Milestone alert: this is our 100th strip!
Holly: I’m not ready for a famous author to come by here! What do I say, what do I —
— oh, wow.
Vampire: Have we an invitation to enter?
Juniper: You’re . . .
Crystal: Recognized: Lady Stanczia Fågelson & Lord Imri Fågelson
Juniper: . . . on the guest list. G-go on in!
I’m going to be honest – at first look, I thought Holly got so scared she dropped her transformation and went incredibly pale…Then I remembered that Juniper was a person that existed and felt like an immense goof…
Will you think less of me if I question why the sable unicorns have ivory colored horns?
No, but I will be pretty confused about where the rules of unicorn genetics would come from…
I was mostly thinking of ibex and rhinos, their horns are brown/black and grey respectively. Evolutionary theory suggests you’d want your horn to match your coloration for camouflage reasons, I figured the same rules would apply to unicorns. That said, there’s no reason someone couldn’t breed for that particular coloration, it just seems a little more unlikely than sable pelt with a sable horn.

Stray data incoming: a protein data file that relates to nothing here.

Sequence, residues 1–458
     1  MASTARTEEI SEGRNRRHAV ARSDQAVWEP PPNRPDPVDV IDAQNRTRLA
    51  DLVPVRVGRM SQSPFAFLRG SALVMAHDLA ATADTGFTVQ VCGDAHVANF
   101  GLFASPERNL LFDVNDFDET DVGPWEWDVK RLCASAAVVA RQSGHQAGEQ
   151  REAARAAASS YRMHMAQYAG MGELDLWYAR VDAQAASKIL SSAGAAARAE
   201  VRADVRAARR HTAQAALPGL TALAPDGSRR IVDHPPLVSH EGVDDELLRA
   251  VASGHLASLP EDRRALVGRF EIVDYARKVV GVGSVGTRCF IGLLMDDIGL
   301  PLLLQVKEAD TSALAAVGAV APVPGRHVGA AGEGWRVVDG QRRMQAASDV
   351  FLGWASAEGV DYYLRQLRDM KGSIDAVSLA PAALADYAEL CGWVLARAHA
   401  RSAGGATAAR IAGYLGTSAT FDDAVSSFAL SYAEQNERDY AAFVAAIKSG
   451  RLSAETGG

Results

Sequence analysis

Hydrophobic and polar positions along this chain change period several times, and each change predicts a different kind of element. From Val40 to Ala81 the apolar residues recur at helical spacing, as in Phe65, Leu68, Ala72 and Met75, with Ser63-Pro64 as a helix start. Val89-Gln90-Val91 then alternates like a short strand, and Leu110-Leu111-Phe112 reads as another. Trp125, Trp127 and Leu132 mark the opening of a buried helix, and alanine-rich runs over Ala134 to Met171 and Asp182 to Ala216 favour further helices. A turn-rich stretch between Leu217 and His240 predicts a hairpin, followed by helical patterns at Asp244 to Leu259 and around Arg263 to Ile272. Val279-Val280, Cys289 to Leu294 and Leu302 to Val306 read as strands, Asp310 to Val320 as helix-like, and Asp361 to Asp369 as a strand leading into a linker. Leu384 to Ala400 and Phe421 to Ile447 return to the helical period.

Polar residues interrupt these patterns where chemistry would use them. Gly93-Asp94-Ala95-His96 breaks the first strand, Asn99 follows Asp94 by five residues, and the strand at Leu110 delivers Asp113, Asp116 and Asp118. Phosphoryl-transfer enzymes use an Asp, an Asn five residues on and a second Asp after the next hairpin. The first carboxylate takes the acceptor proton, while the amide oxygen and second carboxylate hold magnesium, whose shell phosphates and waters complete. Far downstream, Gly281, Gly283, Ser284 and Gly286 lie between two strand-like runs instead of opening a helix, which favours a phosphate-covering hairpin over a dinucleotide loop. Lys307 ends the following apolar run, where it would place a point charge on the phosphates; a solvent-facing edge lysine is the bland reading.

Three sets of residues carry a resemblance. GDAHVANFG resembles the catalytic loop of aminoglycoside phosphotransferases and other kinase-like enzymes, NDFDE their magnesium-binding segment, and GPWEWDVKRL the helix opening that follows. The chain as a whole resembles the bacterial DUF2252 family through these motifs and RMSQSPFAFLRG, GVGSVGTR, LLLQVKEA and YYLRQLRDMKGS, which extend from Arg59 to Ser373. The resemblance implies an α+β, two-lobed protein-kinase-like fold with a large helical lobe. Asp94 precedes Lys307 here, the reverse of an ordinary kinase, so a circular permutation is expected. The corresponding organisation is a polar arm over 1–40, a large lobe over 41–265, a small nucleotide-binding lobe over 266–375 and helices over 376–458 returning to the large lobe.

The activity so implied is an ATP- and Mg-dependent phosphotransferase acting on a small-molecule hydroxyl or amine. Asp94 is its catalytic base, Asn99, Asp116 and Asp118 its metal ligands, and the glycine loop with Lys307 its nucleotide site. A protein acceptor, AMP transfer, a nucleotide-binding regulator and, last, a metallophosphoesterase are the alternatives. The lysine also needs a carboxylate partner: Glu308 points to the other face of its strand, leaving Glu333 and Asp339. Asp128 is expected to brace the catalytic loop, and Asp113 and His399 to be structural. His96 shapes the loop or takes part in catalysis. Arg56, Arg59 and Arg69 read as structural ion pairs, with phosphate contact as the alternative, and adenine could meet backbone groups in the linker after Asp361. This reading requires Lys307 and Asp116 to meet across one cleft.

Nubian ibex have tan bodies and grey-white horns…addax have tan horns on white bodies…oryx have black horns on white/brown bodies…I think it’s just luck of the draw that a few of them are more coordinated.
Besides, horses can have really striking contrasts between their manes and bodies…I’m sure some of that is breeding, but, hey, either way, no reason it can’t work on horns.
Speaking of genetics for coloration, did you know that the Danes, after being told they couldn’t fly their flag under Nazi occupation, bred a red pig with a white cross like mark, mimicking their flag.
Happy 100! *throws confetti*
This is how I imagine the directors of the CIA and NSA roll up to parties.
I’m pretty sure their rides aren’t nearly as swanky as sable unicorns.
They work with what they have.
What an entrance.